] and enabled the implementation of novel methodologies that have become cost effective and easy to apply and interpret. Our replicable analytical and interpretational approach suggests that genetic provenancing areas, as defined by natural levels of gene flow, are often large and genetically diverse (Figure 4
). The species A. suaveolens
was a notable exception. This was possibly due to high levels of selfing or biparental inbreeding in this species (M. van Der Merwe in prep.), leading to high levels of drift and population genetic differentiation, including over relatively short distances. The relatively simple site-matching model developed here provides an additional mechanism to consider climate-related options within these comprehensive, genetically defined sourcing areas (Table 2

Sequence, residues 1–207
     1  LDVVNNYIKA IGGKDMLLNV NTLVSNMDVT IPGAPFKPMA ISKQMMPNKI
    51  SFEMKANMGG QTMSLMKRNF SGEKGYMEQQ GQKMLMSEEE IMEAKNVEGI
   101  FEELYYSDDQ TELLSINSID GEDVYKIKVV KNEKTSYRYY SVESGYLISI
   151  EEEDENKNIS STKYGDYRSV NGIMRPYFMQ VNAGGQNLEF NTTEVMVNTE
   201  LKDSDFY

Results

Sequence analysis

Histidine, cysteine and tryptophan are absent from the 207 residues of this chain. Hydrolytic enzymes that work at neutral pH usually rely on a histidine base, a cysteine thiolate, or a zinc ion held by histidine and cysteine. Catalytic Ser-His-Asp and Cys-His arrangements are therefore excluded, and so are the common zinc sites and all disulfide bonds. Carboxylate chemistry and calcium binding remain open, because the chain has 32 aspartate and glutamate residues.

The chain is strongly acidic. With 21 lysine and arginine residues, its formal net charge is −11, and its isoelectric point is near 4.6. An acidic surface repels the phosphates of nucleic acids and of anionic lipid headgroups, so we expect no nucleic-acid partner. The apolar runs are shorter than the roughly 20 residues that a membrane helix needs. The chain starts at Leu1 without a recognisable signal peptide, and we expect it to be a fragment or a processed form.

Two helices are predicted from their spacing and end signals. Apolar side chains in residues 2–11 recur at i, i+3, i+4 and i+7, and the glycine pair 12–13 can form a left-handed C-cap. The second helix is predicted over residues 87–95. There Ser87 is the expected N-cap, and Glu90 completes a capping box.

, Figure 4
). Simplifying the logistic requirements of germplasm-sourcing strategies while preventing localized over-harvesting, circumvents some of the limitations of current restoration practices [64
Finally, while we show that generalized provenancing guidelines and approaches need to be considered with caution, informative replicated patterns are still likely to emerge from large-scale, standardized, multispecies datasets. However, these will not necessarily be based on simple phylogenetic relationships or distributional similarities but will more likely denote shared functional and evolutionary histories [38